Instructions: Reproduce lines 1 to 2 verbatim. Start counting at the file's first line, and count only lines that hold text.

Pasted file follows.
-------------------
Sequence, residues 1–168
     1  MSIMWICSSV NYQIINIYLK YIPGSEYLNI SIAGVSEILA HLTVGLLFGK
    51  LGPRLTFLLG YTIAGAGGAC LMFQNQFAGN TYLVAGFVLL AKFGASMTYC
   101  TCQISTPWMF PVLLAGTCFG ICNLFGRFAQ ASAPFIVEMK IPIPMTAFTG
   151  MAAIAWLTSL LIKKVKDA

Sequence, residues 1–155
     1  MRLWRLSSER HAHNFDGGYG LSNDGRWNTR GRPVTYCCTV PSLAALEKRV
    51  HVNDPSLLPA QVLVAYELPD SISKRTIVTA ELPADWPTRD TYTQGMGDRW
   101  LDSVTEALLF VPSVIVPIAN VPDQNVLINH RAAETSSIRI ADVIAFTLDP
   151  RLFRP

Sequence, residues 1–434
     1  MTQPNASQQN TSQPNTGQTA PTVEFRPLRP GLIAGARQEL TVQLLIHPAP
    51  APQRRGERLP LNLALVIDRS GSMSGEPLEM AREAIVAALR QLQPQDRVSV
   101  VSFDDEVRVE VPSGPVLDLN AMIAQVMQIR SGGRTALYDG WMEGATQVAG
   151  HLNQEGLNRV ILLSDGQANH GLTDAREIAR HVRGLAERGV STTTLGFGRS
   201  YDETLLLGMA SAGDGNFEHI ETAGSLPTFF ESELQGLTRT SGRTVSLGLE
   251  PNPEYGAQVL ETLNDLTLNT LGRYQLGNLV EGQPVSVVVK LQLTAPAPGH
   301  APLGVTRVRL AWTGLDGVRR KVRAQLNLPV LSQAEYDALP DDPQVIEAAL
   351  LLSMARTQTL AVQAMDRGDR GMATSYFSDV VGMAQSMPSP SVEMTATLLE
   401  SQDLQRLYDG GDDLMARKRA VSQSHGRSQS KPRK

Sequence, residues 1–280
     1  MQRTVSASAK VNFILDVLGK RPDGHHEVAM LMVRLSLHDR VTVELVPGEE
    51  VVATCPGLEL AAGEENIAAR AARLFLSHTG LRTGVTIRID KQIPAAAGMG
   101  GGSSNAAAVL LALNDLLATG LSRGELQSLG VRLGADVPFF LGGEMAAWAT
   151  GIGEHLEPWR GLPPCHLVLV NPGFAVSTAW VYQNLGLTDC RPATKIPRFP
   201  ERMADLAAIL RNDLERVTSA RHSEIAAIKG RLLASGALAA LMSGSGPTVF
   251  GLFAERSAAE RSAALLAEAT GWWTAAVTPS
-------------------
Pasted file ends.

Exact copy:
Sequence, residues 1–168
     1  MSIMWICSSV NYQIINIYLK YIPGSEYLNI SIAGVSEILA HLTVGLLFGK